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Tufnell Park inventor Dominic Faraway creates ‘world’s first holographic mannequin’

PUBLISHED: 10:17 15 April 2016 | UPDATED: 13:03 18 April 2016

Islington inventor Dominic Faraway

Islington inventor Dominic Faraway

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A Tufnell Park animator claims to have created the world’s first 3D holographic mannequin.

Dominic’s talking holographic headsDominic’s talking holographic heads

Dominic Faraway, 50, believes his invention could be used everywhere from department stores to museums and is set to showcase it at the VM and Display show at the Business Design Centre this week.

“I came up with an idea where only the head was holographic,” he told the Gazette. “At first I didn’t think it would work but it did.

“The head is a virtual image made using a technique called ‘Pepper’s ghost’, which reflects onto specially coated glass and produces a virtual image.

“It’s impossible to understand how it looks without looking at them, but each holographic head is 3D and moves and speaks like a regular person.”

Dominic’s talking holographic heads Dominic’s talking holographic heads

He added: “I think they can be used for a range of things. In retail you could have a mannequin in a shop talking about the clothes it’s wearing. It would also be good in museums and art galleries to help bring historical figures to life.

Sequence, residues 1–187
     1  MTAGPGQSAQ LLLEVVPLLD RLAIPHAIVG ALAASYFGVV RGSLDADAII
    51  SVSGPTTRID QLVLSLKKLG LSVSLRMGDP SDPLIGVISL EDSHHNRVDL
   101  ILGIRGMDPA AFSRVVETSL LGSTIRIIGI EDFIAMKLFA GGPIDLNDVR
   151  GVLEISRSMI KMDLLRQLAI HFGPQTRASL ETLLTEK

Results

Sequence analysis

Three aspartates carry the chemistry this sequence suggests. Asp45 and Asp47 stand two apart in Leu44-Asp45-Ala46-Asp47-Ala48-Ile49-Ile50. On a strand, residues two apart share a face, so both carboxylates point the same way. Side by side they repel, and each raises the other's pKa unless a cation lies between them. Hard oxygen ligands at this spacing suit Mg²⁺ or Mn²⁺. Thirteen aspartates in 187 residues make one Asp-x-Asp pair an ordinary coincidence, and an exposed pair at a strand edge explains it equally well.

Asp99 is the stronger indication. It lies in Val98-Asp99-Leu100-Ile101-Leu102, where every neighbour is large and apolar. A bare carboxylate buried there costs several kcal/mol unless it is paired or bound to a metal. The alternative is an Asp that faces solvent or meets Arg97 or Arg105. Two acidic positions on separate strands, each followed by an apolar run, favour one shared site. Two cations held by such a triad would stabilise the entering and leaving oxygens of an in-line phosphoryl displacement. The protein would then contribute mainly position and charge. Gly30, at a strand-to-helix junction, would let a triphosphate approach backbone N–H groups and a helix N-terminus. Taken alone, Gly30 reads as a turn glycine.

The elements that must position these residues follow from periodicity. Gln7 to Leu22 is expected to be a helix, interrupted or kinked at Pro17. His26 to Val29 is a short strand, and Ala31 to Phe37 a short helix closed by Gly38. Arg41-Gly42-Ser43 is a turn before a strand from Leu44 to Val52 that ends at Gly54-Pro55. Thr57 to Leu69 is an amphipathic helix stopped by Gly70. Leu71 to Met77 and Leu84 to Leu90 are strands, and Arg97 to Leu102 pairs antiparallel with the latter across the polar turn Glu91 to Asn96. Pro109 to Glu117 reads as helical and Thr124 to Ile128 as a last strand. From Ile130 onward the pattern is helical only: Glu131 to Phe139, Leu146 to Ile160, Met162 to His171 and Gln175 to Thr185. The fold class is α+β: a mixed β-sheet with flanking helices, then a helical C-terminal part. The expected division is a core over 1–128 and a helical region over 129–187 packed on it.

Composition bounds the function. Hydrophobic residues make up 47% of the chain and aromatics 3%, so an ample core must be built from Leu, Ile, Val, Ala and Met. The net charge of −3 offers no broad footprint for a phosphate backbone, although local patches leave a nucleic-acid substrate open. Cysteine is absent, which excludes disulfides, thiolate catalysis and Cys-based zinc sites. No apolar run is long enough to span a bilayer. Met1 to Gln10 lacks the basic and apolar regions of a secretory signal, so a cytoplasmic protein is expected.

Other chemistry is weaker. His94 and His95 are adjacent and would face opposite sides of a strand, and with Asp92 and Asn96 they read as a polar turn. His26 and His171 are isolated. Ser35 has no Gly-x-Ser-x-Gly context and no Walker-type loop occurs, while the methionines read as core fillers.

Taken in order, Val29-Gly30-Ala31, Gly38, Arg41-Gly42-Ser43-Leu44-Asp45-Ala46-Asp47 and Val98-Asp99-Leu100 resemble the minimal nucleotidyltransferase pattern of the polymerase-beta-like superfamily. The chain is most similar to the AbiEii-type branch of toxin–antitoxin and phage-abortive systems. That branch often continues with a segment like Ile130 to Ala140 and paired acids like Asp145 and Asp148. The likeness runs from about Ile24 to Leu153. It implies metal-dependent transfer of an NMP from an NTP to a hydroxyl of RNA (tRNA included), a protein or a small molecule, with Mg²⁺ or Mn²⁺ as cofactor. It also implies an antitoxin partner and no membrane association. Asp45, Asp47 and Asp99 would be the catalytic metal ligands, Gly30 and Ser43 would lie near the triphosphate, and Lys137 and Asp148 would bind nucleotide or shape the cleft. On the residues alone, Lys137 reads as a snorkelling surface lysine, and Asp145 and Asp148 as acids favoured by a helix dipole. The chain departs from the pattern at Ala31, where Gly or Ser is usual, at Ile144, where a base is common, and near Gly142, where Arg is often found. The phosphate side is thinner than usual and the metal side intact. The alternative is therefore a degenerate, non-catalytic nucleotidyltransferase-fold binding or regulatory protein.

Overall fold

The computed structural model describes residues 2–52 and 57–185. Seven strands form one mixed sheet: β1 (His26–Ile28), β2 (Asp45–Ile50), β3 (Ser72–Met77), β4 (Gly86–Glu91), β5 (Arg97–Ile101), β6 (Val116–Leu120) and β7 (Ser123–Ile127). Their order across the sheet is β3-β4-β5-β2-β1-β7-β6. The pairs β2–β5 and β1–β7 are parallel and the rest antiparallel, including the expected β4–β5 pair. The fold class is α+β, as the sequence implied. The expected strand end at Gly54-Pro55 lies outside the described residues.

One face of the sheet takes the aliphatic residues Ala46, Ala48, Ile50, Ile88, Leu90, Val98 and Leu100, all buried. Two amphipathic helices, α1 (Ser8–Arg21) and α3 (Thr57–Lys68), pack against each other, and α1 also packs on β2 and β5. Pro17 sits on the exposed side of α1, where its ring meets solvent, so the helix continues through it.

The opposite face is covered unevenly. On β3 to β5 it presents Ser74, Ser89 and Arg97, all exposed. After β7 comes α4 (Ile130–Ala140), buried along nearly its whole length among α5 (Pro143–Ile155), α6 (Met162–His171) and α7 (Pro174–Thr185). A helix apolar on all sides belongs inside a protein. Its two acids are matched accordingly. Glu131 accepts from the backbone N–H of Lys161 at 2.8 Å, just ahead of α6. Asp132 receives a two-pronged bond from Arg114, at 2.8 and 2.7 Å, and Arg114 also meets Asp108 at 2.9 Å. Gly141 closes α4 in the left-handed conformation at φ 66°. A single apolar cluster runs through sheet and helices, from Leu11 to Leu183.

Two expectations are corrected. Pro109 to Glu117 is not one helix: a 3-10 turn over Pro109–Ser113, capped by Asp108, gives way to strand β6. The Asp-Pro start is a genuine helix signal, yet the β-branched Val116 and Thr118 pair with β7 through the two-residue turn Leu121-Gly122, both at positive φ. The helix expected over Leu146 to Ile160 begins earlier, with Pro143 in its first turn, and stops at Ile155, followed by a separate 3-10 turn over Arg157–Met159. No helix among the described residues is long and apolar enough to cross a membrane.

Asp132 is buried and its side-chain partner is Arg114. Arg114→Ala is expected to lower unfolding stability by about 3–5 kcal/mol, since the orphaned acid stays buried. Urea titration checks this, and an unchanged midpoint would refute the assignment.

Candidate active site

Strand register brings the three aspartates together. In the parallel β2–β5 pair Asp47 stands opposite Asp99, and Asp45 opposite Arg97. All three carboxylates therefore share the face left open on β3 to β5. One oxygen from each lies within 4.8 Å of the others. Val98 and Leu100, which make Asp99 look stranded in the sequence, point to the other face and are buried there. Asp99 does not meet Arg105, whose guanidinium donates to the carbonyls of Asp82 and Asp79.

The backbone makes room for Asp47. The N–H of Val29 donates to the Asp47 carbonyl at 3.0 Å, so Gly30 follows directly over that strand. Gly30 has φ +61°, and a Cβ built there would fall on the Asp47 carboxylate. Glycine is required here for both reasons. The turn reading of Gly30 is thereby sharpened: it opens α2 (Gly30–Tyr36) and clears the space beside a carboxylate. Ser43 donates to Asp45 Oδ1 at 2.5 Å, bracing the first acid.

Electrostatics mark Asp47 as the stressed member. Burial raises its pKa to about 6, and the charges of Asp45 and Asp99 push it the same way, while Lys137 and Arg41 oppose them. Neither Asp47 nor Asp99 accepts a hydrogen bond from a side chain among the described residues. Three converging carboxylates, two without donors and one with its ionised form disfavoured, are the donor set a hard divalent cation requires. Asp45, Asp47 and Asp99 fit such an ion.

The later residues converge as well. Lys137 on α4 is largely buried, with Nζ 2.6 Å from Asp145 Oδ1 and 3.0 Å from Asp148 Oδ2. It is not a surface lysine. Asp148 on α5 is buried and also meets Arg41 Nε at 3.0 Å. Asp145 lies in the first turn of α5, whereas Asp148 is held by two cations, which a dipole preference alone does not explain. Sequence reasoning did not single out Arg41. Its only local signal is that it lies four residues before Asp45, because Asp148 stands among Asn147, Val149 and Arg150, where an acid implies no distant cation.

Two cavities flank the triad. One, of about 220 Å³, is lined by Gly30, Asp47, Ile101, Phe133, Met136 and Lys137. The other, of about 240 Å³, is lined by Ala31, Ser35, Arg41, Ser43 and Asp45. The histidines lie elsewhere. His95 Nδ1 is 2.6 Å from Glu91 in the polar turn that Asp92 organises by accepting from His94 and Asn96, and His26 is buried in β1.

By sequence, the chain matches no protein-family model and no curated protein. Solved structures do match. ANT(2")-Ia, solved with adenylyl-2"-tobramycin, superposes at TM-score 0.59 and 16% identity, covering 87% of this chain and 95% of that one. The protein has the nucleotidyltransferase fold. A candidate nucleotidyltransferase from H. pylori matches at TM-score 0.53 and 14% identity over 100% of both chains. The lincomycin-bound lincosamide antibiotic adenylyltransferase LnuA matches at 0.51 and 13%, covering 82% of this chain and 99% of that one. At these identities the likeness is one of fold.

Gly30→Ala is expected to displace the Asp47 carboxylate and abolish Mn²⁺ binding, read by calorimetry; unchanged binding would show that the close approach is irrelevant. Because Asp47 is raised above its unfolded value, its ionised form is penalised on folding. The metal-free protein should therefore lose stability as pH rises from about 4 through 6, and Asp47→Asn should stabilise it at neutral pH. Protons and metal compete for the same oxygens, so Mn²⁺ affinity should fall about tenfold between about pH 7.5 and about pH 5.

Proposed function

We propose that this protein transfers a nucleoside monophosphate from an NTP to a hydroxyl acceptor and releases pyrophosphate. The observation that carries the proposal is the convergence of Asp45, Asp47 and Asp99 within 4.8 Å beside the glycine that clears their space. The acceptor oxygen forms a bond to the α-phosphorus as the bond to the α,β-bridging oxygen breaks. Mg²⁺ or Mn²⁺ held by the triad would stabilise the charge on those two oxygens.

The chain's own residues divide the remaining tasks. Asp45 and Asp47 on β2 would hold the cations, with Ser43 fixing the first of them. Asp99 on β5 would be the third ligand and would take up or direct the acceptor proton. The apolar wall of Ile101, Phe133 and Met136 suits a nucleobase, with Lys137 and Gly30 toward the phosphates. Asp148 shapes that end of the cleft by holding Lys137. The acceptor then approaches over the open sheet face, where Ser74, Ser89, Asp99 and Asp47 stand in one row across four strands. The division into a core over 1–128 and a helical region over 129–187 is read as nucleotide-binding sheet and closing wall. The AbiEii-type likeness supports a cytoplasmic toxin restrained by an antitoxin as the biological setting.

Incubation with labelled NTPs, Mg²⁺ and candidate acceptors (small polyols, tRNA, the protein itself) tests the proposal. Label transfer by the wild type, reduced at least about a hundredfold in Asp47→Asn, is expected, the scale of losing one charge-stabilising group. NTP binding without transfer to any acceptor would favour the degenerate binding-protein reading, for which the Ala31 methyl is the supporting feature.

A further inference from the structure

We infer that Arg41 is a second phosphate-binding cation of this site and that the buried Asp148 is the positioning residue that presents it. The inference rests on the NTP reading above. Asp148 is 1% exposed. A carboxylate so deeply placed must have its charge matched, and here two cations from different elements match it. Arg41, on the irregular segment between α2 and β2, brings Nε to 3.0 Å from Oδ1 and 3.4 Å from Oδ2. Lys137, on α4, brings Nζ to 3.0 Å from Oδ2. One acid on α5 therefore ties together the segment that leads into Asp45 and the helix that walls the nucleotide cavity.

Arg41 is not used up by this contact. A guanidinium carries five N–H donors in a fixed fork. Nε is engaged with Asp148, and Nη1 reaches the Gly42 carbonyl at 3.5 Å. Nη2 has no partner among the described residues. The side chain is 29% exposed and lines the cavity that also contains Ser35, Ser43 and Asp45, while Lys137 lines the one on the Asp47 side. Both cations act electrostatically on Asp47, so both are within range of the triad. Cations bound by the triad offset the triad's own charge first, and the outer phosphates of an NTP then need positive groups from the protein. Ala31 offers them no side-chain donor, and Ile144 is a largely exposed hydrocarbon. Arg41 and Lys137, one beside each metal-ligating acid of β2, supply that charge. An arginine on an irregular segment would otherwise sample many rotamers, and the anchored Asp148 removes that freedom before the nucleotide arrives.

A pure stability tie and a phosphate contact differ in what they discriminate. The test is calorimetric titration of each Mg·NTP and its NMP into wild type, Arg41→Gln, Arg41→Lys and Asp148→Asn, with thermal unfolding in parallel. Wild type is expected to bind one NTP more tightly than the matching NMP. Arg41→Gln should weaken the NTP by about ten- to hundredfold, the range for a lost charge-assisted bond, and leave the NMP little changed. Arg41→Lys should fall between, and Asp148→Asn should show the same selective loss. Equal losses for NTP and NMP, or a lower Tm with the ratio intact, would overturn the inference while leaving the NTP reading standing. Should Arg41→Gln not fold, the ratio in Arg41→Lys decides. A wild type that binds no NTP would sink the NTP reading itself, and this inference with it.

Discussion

“It could even be used at corporate events – I’m sure celebrities like Richard Branson would love it.”

Dominic has lived in Hugo Road for 20 years with his partner and works out of a small studio in his home – though he admits it’s “more of a spare room than a studio”.

He said: “I have an eight-year-old son and work really long hours so it’s nice to work at home because it means I get to spend more time with him.”

Despite being an inventor, Dominic sees himself as an animator first and foremost.

He continued: “I went to art school and worked in advertising as an art director before teaching myself film and animation.

“It’s given me a unique ability to approach a project from the first brief, to developing concepts and storyboards through to production, post-production and delivery.”

According to Dominic, people in trials so far have remarked that they feel real eye contact with the mannequins – almost as if they were standing in front of a human.

But he shrugged off any suggestions his invention heralds a new robot-led dystopia.

“My mannequins are still only static figures,” he said. “They can only move their head.

“I’m thinking of adding robotic limbs and possibly some voice recognition – but that’s also a very long way away.”

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